Tuesday, May 1, 2012

Catholic Hospital Takeovers and the Community Benefit Test

In Denver and Louisville, potential mergers in which a Catholic hospital system would take over a formerly secular hospital have raised issues regarding how takeovers by Catholic health care systems alter services available to women, including abortion, contraception and tubal ligations. Catholic doctrine may also impact patient directives regarding end-of-life care. I have no quarrel with Catholic hospitals operating according to Catholic doctrine. I DO have a quarrel with the Catholic Bishops who on the one hand rail against the war on Catholicism being conducted by the U.S. government (see my earlier post about Bishop Jenky of Peoria) and on the other hand seem perfectly content to accept millions of dollars in government subsidies through property and income tax exemption.

So here's a thought. Since 1969, nonprofit hospitals have claimed exemption under what is now generally referred to as the "community benefit test." In Rev. Rul. 69-545, the IRS held that providing health care services for the general benefit of the community was charitable even if the hospital in question did not provide free care for the poor as long as the hospital provided such care in an emergency setting, had a community board, provided services to all patients who could pay (including via government programs such as Medicare and Medicaid) and did not unduly restrict its medical staff. Most states in administering their property tax exemption laws follow a similar doctrine (a very few, notably Illinois, have held that charity care is an essential element of tax exemption). The result is that even large nonprofit hospital chains, like Ascension Health - a Catholic system that in fiscal 2011 reported "an excess of revenues and gains over expenses and losses of $1.5 billion" (yes, that is "billion," with a "B") - get federal income tax exemption and state property tax exemptions, because they legitimately can claim to be providing health services for the general benefit of the community. At current corporate tax rates, if Ascension really did have profits of $1.5 billion, then its income tax exemption is worth roughly $500 million, give or take.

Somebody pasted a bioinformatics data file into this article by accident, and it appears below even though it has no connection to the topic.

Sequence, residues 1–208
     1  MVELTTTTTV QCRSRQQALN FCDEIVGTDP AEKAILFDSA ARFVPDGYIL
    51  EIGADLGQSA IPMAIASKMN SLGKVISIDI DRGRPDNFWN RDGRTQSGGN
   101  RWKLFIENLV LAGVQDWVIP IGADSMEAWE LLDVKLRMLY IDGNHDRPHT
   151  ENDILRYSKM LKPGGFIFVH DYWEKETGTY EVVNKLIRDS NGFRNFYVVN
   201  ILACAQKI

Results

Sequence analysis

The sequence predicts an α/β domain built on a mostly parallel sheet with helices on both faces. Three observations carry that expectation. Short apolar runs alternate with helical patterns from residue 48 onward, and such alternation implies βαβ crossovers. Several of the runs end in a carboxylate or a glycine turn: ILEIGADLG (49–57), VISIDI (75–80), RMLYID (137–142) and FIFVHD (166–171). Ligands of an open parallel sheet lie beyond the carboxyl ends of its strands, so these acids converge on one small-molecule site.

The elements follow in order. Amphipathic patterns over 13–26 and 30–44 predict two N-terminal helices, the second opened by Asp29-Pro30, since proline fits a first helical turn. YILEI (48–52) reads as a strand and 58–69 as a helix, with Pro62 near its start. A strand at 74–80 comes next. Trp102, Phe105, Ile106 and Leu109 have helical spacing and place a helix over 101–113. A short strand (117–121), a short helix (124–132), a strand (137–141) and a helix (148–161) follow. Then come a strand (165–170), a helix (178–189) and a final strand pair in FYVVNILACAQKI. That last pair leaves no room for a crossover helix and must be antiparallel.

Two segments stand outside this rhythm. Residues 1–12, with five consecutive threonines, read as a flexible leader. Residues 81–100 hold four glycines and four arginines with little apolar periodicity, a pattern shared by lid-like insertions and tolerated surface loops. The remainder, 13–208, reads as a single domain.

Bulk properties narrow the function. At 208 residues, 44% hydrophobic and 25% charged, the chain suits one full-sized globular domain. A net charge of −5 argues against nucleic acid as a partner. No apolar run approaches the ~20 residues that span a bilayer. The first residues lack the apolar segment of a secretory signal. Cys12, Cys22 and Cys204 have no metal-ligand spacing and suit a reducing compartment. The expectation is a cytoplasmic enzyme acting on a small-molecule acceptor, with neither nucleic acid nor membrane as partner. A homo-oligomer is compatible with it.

But when a Catholic hospital takes over a hospital and discontinues services because of Catholic doctrine, I would argue that the result is a net decrease in "community benefit." Services previously available are no longer available; rather than benefitting the community, one might argue that these transactions have harmed it (perhaps not if the target would have gone out of business without the Catholic white knight - more on this below). So I suggest a rule: in the context of an acquisition of a hospital, any discontinuance of services by the target for reasons other than financial necessity or sound medical practice within five years of the acquisition will be a per se violation of the community benefit doctrine, resulting in a withdrawal of tax exemption, unless the target would be exempt under other tests of charity (e.g., a teaching hospital would remain exempt as an educational organization; a hospital or clinic that served primarily the poor would still be exempt as a poor-relief charity).